In conclusion, we posit three practical and tangible suggestions about how to design pilots so they are valuable towards achieving optimal scalability.

  1. Think of the pilot as merely phase one of the at-scale programme. There is a good reason why most innovations start out small. Implementers need to build the capacity of their team, figure out how to engage the community to create and sustain demand, test what financing model is realistic, create practical systems to monitor for improvement, and begin to understand how the approach will need to be adapted for different contexts. From the pilot and beyond, focusing on the outcomes and impacts we seek is critical – inclusion of the most vulnerable, sustainability of results, lives changed for the better. If our eyes are not constantly on these end-goals, we are likely to miss them.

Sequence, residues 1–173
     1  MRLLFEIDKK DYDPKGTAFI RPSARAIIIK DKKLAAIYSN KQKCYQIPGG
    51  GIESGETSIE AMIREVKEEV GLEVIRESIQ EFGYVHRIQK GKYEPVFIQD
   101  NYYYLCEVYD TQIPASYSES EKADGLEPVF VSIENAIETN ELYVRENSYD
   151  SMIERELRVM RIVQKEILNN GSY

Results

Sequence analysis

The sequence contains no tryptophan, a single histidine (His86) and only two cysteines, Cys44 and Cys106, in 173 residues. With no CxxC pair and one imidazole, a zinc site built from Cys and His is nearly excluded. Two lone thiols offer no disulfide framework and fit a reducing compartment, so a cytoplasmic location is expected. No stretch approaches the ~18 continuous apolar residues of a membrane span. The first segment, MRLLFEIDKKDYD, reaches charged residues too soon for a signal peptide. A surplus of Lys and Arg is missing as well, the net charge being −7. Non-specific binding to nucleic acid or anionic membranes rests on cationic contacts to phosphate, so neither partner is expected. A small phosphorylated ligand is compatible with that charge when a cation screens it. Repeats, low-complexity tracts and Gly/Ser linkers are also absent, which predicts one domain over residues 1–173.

2. Plan for scale from the outset. There is widespread agreement that reaching scale requires thinking about scale from the outset. We would suggest that planning for scale means (a) identifying which of the three models above (or what combination of more than one of them, for the categories are not mutually exclusive) will take the innovation to scale, (b) working out the financial and affordability constraints of getting to scale (maximum price points for market-based technologies, affordability of technologies to be rolled out through public funding), (c) figuring out what capacities (human resources, skills, institutional arrangements) will be needed for delivery and sustainability at scale, and (d) in all cases identifying the aspects of the operating environment which may need to change in order to reach scale.